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New works
Cups
Coffee,Tea,Beer,Whiskey
Porcelights
Umi/ Richmond centre
The secret heart cup
heartcup
before and After.
The one and only
porcelain and silver
Tea
Kyusu,Yunomi
love
what's love?
Gyoza Bar + Ramen
gyobar
Miku/Vancouver
Torafuku
tora
Restaurant+Bar
Sake and Sushi
Tokkuri,Plates,Cups
Bigs
Platters and more
Macha Bowls
Tea Ceremonial bowls
WOWs
Cool stuff

Shows
ids
lexus
kuu
tea
IDS west

TOYOTA LEXUS

kuu
Tea ceremony+Ikebana+Ceramics

TOYOTA LEXUS open road Richmond new showroom openning show
vase
A collaboration with a IKEBANA master

"Ippin" Tokyo
ippin Yamagataya noriten/ Kyobashi, Tokyo

Interior Designs
designed and decorated spaces by HiDe
zakkushi
jinya
thum
kimura
zakkushi main
Jinya Ramen
Umi: Richmond Centre
Sushi Kimura

Interior Design Show West
panel
Translucent porcelain tile mozaic panels and more.

It's Non-Drip!!

Soy sauce bottles

click for detail


Porcelight

HiDe's Original PORCELIGHT is all One of a kind. Individually thrown pieace by pieace on the wheel, then altered and assembled all by hand.

Traditional Japanese technique is used in new way to take full advantage of trancelucency of the material.

Some works feature metal(Stainless steel) parts to emphasis on the organic softness of Porcelain.

Soft and Hard. Warm and Cold...

ids
porcelight palm together
Enjoy variety of Style of PORCELIGHT.

bird
chandelier
ids_pendant
panels
A life
Magnoria chadelier
Pendants
Mozaic panel wall lights
jinya
Bubbly pendants
TuTu
MoMo
Ikimono
kurage
momo
palm
zakkushi
Kurage
Aroma diffusers
Palm together
Space

Collaboration with Japanese Ikebana and Japanese Tea ceremony

IKEBANA: Misho ryu, Atsuko

TEA CEREMONY: Omotesenke Vancouver Ogura alliance

CERAMICS:HiDe Ebina

Flowers ,Tea and Ceramics


class image

Pottery classes


Our regular class informations

Monthly Plan or Flexible Ticket system

20years of teaching experience.

Zen with clay

Flexible • hands-on • relaxing .

Experience the difference of Japanese pottery.


Oneday/90min

Drop-in Pottery for fun!!

•More than 1800 people had a great time so far!!

Are you interested in pottery without the commitment? Running out of field trip/office party ideas?
Hide Ceramic Works finally offers you 90min casual courses for those who want to experience pottery without the pressure. for Detail Click here

studio scene

AN INTRODUCTION TO A MAN AND HIS ART / Vancouver's LIfe Style Magazine article

Zen Light
HiDeL Ebinafs Porcelights, like the rest of his ceramic artworks, are not complete until they have an everyday use | and everyday user
by BEVERLY CRAMP
Ten years ago, HiDeL Ebina was working in his poorly lit studio in an East Vancouver basement when a shaft of sunlight landed on one of his porcelain bowls.gI saw how the light made the bowl translucent,h says Ebina. It was a break-through moment for the Japan-raised ceramic artist who chose to stay in Canada after a visit 14 years ago.Ebina immediately began experimenting with lights of various shapes and sizes. He also continued to refine the particular clay mixture that produced his fine translucent ceramic lights. gI started with a lesser-quality clay. It has taken me a long time to evolve to the present form. I canft tell you about the formula because itfs a secret,h he says with a conspiratorial smile.Ebina calls these creations gPorcelightsh and each is as individual as a finger print. Porcelights are made one at a time, thrown from Ebinafs potter wheel, altered and assembled by hand. Unlit, these ceramic pieces look like sculptures. They become transformed when the light is turned on and shed a golden glow.Many of Ebinafs Porcelights have the flowing, rounded lines of organic forms such as spiny sea urchins or ridged bamboo poles. Others resemble sea shells or clam shells wired together. Still others have more stylized shapes such as cylinders or bells. Bits of metal or glass have been worked into some of the soft porcelain surfaces. But all are made utilizing traditional Japanese techniques in a refreshing new way. READ MORE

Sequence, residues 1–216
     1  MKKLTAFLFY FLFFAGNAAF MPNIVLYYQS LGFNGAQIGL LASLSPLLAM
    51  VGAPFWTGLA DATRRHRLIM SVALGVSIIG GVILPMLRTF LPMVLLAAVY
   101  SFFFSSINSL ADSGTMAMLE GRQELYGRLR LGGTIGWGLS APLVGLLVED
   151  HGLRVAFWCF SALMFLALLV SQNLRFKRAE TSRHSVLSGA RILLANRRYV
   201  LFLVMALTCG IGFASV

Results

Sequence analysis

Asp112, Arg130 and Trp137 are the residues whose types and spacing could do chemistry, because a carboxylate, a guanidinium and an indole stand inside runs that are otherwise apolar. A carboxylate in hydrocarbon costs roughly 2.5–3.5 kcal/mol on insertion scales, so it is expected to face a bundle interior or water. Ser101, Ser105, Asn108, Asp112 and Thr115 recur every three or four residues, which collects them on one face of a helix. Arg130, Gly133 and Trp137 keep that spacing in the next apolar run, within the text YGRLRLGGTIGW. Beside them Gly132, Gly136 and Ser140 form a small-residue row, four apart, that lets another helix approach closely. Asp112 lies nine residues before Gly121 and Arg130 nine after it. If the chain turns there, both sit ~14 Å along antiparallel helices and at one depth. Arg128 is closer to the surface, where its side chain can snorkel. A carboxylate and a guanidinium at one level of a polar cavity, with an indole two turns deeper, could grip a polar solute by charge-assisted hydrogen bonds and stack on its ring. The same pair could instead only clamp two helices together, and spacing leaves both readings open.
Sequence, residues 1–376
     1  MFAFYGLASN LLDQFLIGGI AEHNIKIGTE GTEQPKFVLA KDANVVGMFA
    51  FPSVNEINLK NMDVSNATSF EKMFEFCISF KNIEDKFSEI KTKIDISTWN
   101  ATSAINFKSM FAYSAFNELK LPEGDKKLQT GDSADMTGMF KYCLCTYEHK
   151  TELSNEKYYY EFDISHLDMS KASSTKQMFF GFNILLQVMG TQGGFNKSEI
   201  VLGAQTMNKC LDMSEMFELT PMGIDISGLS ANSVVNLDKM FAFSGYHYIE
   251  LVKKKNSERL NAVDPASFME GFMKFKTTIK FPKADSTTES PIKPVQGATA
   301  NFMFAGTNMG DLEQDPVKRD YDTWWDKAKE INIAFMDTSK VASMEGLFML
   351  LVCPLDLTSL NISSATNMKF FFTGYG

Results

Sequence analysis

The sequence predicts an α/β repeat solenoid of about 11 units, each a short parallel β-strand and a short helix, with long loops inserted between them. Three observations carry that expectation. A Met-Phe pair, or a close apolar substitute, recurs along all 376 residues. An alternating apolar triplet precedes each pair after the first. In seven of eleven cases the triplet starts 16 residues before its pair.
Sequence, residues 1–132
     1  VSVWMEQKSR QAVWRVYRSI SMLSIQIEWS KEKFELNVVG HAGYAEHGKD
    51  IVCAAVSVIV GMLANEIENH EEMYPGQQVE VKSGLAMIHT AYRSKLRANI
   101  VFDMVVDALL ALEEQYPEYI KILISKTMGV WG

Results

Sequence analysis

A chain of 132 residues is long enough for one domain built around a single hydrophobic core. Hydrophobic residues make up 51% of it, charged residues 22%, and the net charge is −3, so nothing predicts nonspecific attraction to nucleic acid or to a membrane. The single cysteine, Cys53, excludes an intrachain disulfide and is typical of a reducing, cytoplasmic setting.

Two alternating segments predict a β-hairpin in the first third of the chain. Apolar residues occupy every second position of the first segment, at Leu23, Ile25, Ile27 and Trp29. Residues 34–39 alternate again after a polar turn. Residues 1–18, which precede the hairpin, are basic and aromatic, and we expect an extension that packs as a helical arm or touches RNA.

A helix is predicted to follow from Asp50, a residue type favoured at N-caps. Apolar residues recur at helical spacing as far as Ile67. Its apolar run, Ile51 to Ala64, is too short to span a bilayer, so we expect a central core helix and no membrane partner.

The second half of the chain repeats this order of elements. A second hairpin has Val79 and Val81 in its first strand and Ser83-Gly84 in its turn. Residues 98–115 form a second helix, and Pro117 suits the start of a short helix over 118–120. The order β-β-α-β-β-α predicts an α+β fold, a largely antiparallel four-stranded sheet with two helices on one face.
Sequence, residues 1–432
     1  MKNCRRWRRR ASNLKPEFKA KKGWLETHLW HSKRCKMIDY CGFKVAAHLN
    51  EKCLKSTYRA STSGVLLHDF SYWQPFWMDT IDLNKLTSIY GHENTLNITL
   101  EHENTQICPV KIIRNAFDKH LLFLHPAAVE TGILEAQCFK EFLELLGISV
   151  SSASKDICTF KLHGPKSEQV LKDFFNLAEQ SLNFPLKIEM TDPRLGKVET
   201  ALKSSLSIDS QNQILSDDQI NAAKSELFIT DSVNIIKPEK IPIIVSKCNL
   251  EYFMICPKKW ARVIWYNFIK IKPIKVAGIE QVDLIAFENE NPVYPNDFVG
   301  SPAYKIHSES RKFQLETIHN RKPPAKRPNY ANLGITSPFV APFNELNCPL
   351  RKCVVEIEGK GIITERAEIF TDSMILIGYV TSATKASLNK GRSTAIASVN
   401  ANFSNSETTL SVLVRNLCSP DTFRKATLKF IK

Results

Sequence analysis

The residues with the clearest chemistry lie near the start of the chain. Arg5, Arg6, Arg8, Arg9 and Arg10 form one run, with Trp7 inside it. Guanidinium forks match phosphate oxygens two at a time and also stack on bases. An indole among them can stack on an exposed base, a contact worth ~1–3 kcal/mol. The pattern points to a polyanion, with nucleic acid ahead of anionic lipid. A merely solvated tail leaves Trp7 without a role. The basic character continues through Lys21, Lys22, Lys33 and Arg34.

hide ebina

 


Artist statement
Working on clay is like playing music. Sound fades away before you can catch it. You have to move before you know how to play with it. Because of its transient and invisible character, sound is likely to reach our soul directly, without being blocked or translated by consciousness. Clay is a versatile, fast-moving material that runs away when you try to grab it. Just as Carl G.Jung attempted to paint a picture of the dynamic human consciousness for us to behold through his theories, so too is finished fired clay presented for our scrutiny, with its movements now frozen in hard, cold and fragile state. Emptying your-self and letting the shadow of the substance flow into that emptiness naturally, is the only way that you can feel and listen to what its vibrations want to say. Pieces I make are the assembled relics of my actions which were took, on and off the wheel. I want you to feel my works in the same way you listen to music, so I can strum the string of your soul.

 



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